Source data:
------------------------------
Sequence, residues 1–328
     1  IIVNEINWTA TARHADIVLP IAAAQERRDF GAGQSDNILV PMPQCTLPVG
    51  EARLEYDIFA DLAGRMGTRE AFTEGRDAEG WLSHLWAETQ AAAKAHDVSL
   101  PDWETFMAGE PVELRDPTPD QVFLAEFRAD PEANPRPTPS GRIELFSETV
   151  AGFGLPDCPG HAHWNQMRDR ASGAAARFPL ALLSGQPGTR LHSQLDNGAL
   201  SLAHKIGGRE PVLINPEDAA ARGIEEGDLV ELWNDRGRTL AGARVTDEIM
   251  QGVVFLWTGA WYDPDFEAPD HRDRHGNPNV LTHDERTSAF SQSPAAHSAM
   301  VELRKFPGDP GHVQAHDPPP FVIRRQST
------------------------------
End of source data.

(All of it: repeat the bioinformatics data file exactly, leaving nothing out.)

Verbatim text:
Sequence, residues 1–328
     1  IIVNEINWTA TARHADIVLP IAAAQERRDF GAGQSDNILV PMPQCTLPVG
    51  EARLEYDIFA DLAGRMGTRE AFTEGRDAEG WLSHLWAETQ AAAKAHDVSL
   101  PDWETFMAGE PVELRDPTPD QVFLAEFRAD PEANPRPTPS GRIELFSETV
   151  AGFGLPDCPG HAHWNQMRDR ASGAAARFPL ALLSGQPGTR LHSQLDNGAL
   201  SLAHKIGGRE PVLINPEDAA ARGIEEGDLV ELWNDRGRTL AGARVTDEIM
   251  QGVVFLWTGA WYDPDFEAPD HRDRHGNPNV LTHDERTSAF SQSPAAHSAM
   301  VELRKFPGDP GHVQAHDPPP FVIRRQST